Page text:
Tuesday, April 30, 2013

John Moffitt: "To Look at Anything"

To look at any thing,
If you would know that thing,
You must look at it long:
To look at this green and say,
"I have seen spring in these
Woods," will not do—you must
Be the thing you see:
You must be the dark snakes of
Stems and ferny plumes of leaves,
You must enter in
To the small silences between
The leaves,
You must take your time
And touch the very peace
They issue from.

"To Look at Anything" by John Moffitt, from Teaching with Fire: Poetry That Sustains the Courage to Teach, edited by Sam M. Intrator and Megan Scribner. © Jossey-Bass, 2003.

Photography credit: "New Zealand Tree Fern Fronds" by Pieter Pieterse, 2005 (originally color).



  1. This poem is excellent, I like it seems to deal with liminal spaces, like the 'small silence between leaves'

  2. I memorized this poem back in the 1970s, and have loved having it in my mind's pocket. It quickly puts me in touch with the deep peace behind it all. Nowadays it is my favorite meditative mantra. Daily, each morning, I think it slowly, as I breathe, and by the last line, I'm there. Posthumous thanks, Sir, Mr. John Moffett.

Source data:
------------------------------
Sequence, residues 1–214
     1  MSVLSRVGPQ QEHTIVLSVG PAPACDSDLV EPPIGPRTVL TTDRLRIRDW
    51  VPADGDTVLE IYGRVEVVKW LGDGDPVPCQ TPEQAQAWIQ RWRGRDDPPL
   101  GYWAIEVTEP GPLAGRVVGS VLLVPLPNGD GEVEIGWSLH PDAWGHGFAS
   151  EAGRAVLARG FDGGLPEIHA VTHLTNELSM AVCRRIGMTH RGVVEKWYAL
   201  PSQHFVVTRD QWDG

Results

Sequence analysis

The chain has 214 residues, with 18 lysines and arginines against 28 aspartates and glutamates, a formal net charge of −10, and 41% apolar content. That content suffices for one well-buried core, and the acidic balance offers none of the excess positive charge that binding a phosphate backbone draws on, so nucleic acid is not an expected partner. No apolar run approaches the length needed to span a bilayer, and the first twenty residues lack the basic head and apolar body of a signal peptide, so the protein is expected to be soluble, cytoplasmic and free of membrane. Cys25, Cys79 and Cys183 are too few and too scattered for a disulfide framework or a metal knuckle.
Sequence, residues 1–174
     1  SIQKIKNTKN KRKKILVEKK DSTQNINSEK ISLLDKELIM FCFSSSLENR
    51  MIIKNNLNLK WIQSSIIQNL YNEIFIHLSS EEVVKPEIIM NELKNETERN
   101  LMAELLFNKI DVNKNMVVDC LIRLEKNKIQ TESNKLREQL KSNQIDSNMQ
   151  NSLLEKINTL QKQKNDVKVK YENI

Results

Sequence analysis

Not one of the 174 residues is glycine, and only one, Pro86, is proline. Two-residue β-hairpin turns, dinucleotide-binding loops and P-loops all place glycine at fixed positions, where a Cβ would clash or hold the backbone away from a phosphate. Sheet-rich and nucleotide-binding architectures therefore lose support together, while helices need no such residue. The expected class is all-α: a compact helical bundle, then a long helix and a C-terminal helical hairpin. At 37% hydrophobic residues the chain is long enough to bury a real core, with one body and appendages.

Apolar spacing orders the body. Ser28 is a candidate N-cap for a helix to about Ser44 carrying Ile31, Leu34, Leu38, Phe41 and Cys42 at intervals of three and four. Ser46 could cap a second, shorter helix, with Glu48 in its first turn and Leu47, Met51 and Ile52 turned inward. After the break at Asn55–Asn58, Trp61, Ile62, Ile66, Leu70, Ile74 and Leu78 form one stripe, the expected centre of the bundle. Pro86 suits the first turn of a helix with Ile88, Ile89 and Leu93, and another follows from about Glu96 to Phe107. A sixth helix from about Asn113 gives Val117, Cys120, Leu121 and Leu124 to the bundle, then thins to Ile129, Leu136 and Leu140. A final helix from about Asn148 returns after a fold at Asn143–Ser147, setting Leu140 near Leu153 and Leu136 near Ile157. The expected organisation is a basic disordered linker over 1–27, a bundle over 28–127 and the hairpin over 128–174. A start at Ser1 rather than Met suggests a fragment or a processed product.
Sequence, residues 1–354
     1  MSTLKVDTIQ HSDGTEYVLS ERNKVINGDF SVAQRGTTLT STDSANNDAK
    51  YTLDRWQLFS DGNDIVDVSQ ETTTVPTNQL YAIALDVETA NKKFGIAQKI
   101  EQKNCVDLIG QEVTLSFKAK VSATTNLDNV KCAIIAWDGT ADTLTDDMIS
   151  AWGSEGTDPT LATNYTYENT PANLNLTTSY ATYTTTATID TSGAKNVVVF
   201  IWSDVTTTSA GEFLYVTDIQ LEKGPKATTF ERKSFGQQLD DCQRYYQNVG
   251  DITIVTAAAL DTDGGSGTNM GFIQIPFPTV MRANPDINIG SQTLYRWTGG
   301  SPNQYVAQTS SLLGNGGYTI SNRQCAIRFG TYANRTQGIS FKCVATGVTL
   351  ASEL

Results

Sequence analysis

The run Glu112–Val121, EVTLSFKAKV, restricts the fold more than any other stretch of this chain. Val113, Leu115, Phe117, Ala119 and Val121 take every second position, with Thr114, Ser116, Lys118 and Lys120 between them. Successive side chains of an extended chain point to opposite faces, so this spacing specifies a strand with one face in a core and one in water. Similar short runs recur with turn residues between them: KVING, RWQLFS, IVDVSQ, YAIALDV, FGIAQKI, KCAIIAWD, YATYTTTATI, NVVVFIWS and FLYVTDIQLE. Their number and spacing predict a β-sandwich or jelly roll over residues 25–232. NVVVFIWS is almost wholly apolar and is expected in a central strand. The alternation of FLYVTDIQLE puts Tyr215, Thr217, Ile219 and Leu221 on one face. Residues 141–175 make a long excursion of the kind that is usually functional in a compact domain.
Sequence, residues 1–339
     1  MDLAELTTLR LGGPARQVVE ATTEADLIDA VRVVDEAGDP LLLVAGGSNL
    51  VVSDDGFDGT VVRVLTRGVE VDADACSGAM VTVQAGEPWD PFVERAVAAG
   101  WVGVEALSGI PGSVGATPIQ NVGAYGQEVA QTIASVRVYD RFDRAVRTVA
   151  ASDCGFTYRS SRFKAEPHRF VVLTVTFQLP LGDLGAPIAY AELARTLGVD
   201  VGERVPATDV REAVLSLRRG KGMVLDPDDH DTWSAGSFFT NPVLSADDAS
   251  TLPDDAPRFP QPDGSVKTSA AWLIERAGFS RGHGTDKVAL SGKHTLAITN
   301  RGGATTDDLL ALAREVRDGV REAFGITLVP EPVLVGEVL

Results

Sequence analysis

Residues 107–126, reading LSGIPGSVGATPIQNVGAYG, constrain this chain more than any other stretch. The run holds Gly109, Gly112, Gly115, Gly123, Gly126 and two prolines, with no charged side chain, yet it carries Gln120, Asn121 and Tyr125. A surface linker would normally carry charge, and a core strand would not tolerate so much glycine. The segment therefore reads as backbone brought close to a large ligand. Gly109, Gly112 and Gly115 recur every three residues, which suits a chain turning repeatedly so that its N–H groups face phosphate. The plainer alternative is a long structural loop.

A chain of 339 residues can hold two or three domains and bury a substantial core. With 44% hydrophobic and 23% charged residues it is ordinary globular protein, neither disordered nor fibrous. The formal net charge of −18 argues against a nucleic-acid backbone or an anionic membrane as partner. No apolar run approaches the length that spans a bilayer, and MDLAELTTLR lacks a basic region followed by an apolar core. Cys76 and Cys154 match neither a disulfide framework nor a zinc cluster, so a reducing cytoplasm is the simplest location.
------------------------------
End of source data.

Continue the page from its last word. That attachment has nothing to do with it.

3. I think you are attributing this poem to the wrong John Moffitt.

    1. Can you say more, please? I try to do my due diligence. If I'm in error, help me out. I'll be grateful.

  4. To my knowledge, the poem was first published in 1966, in “Reflections on a Gift of Watermelon Pickle and other modern verse.”


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